• Oh, the horror. I had the same thing happen to me 4 years ago, as I purchased my appartment : on the day of the sale, after we’ve signed the contract, the seller took of to the other side of France (she was a teacher changing schools) and I took the keys to go to the apartment. I had only seen it with her belongings still in it.

      And I discovered, to my abysmal despair, that she simply didn’t have the time to pack everything, that she was obviously still living there the very morning of the sale, as she left… a HUGE number of belongings. Includind still-damp towels one the bathroom floor, soap and shampoo bottles… In the kitchen : tens of cans and jar of home made (and rotten!) jelly or some indescribable things, opened rice packets and various food. Everywhere else : Dead potted plants. Cleaning products. Clothes drying racks (plural!). Mops. Spare tools and home improvements knick knacks… A lamp. Various buckets, tools. And so on and so on… I even found rolls of coin, for a grand total of approx. 20 euros :-/ An absolute nightmare !

      Luckily my mother was with me, as I was pretty shaken up by the “omygod i’ve just purchased my first home!!!”, at 30 years old… I wanted her to be with me as I took possession of my flat. But as we discovered this, I just wanted to crawl back home and she was almost crying to see how despaired I was. She was SHOCKED that someone would leave so much stuff behind like that.

      It took me almost two full days to try and sort through everything, to recycle/donate/trash appropriately. But in the end, as I still found things in the gigantic corridor closet, hidden behind other things, I decided that this stuff had to go, and I threw away everything left in a dumpster, I just wanted the stuff *OUT*, so that I could move in !

      So I feel for you, really, but as you say, “next time, I’ll tell them”, and double-check PRIOR to moving in. Of course, I also tell this story to anyone that is about to purchase anything off a previous owner 🙂

      • Frederique, I think yours sounds much worse than mine. While we had lots of items left behind most of it was outside the house and the house was clean. I can’t imagine coming into that. I’d have a panic attack too.

    • Michelle – I’m betting it is a mechanic’s pit, but worst case scenario if you do have a skeleton down there, the cast of NCIS might turn up, and that could be a silver lining.
      Just wondering if you got any further with Grandma’s afghan?

      • Hi Moni – not yet. Unfortunately, decluttering has taken a backseat to finishing house painting before we get our new roof. I am hoping that this weekend I get it finished. I also still have to paint an outdoor shed and then trimwork for both buildings. Hubby is still down from back surgery so it’s all on me. That’s okay because he is a horrible painter and a grumbler, to boot! It’s our anniversary on 9-4 and he asked what we were going to do for it. I told him I am painting the house and he’s gonna rest his back – doesn’t that sound like fun??? 😉

        • Michelle, I’m sorry to hear that you are having to do all of that painting. It sounds like you will be worn out by the time it is all done. Hope you husband is soon recovered from the surgery.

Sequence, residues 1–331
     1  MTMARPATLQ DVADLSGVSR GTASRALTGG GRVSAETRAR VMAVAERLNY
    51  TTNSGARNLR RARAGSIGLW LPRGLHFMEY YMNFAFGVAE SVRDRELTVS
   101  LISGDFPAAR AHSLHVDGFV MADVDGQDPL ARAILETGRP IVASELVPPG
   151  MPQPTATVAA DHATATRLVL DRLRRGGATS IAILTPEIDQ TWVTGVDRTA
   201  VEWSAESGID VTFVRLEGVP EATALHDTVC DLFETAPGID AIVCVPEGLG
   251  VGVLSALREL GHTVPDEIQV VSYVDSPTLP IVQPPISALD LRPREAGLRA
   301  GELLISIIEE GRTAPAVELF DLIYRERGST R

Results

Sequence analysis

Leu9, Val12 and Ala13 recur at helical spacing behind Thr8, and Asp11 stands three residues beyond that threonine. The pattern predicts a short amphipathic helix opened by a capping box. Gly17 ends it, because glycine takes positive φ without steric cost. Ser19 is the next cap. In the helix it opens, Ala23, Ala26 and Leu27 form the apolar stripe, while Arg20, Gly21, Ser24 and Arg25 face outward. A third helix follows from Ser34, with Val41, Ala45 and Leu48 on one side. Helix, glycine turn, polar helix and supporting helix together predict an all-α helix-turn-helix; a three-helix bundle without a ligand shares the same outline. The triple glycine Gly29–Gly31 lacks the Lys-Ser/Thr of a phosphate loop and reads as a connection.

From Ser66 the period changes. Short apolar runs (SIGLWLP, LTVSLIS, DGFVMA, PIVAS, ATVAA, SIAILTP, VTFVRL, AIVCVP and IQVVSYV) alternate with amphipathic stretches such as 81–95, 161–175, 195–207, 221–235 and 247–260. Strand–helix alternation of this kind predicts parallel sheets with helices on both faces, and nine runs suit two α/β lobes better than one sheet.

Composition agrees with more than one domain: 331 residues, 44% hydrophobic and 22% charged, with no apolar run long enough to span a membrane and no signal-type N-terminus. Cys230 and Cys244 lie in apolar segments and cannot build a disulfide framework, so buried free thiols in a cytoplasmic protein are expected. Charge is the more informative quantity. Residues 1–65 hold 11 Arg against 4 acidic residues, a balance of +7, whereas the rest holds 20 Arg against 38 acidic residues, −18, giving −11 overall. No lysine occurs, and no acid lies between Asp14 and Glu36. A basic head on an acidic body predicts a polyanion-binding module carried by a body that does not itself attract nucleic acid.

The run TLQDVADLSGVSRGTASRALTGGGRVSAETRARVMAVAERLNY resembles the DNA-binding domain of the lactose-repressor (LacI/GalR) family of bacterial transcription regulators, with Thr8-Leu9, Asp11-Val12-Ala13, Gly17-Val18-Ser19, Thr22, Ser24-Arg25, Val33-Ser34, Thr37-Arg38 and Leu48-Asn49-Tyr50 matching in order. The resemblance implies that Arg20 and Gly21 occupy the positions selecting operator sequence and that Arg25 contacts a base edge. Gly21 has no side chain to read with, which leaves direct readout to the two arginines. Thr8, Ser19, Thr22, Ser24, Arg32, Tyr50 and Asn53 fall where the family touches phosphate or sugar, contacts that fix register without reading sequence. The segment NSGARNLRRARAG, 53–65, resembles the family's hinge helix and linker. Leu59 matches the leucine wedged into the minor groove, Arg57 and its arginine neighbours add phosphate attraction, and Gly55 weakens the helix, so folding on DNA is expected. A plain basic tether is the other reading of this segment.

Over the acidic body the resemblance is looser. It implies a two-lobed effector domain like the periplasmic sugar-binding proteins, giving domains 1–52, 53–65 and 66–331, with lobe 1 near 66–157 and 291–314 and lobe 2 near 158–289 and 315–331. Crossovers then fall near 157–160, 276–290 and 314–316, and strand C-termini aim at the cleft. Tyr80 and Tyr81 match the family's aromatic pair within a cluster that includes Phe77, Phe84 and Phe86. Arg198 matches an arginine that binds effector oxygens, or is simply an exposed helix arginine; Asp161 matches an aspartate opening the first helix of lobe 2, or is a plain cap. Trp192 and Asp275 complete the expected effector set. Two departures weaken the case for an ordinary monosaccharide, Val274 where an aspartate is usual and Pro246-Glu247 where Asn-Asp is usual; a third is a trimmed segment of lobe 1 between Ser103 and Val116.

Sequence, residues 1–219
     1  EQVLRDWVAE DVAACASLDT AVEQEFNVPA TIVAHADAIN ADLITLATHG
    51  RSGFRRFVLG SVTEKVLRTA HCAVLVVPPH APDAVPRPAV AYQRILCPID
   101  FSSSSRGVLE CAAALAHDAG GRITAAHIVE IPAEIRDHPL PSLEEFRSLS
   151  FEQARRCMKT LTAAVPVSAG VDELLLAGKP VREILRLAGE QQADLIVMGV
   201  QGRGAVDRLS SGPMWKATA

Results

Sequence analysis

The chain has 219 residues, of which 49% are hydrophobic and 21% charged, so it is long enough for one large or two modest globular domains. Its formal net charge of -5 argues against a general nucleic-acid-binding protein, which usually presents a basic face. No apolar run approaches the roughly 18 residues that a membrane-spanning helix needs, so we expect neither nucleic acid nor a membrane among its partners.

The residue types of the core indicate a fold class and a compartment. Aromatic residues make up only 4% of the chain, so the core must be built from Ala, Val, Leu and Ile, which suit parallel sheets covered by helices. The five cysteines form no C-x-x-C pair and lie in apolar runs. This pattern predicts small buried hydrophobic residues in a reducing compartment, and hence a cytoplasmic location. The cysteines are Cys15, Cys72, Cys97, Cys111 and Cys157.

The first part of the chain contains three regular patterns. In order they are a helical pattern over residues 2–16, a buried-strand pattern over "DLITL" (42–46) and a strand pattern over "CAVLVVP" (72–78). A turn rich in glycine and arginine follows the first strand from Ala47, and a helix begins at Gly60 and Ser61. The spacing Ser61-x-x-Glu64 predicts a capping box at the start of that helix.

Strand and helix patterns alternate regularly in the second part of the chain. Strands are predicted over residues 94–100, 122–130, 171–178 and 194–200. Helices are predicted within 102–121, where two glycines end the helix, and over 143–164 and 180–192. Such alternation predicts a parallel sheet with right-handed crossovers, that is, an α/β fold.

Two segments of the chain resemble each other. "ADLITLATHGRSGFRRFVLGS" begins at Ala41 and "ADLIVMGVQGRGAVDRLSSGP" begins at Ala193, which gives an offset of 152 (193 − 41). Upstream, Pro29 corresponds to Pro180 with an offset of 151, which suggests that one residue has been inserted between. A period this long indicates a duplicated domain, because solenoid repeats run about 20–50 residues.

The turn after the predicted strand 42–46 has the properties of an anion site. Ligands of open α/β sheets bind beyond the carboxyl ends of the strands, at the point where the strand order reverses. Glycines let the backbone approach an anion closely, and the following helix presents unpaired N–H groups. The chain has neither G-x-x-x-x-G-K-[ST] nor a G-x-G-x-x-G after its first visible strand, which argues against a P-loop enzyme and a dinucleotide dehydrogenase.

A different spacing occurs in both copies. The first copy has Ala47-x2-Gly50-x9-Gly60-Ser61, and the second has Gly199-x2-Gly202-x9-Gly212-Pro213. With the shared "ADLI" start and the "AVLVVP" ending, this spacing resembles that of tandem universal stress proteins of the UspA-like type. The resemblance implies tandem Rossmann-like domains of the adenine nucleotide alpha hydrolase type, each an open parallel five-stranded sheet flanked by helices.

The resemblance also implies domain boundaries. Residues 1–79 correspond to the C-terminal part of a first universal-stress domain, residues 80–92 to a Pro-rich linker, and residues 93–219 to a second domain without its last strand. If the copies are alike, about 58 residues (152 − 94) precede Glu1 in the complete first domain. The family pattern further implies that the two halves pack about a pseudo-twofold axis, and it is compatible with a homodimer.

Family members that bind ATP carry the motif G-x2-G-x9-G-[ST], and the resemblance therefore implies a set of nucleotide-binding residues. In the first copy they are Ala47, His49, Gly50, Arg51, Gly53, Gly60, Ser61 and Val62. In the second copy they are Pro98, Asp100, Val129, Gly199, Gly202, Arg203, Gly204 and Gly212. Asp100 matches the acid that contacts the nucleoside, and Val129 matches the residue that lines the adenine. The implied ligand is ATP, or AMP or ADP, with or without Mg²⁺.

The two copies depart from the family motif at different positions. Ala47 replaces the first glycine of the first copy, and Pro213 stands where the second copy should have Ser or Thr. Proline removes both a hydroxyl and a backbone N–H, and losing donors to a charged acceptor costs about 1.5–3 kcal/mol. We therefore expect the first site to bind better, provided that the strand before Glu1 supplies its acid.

2. My parents moved from suburban Australia to remote country Australia 3 years ago (after 40 years in the one house!) l can’t remember if they completely cleared all their stuff from the garage, but l do know they got a great deal on the new house.
    Not only was it a good price, but the previous owner left much of the furniture behind and it is good stuff.
    He used to live downstairs and rent upstairs to tourists over summer.
    So all in all my parents got 2 lounge suites, dining table and chairs, 6 breakfast bar stools (3 upstairs, 3 down), 2 microwaves, 2 fridges, the upstairs washing machine and dryer, at least 2 queen sized beds, bedside tables etc.…
    You get the drift, basically upstairs is a fully self contained separate dwelling.
    We talk about it now and can’t believe how good a deal they got.
    The previous owner was going to travel around Australia so didn’t want all that stuff.
    My parents have since had a garage sale and some of it has been given away or sold, but basically they moved into an already furnished house!
    The previous owner has moved back into town and l think he has realised that he gave my parents the bargain of the year!

    • Felicity, that’s a great deal. Not your normal happening though. I can just imagine how the previous owner is irritated at himself for doing it.

      • Deb J

        The previous owner owned 3 properties in a row, with direct lake views and sold them all, so he probably isn’t really kicking himself that much, he ended up a millionaire or very close to it.

        • Well, I guess not with that kind of in take. I’d say he can afford to buy whatever furnishings he wants now.

    • Felicity – I have friends who put their house on the market and do a very nice job of styling their house. Anyway, they got offered asking price if they could be out in two weeks BUT also it was conditional on accepting an extra amount to leave all the crockery, cutlery, linen, furniture, tv’s, appliances, even the kids beds and all the duvet covers, lawn mower etc. The new owners were immigrating and just wanted to walk in (they bought via viewing online). It was a bit startling but they accepted the deal and left with their suitcases and a few boxes of personal stuff that they excluded.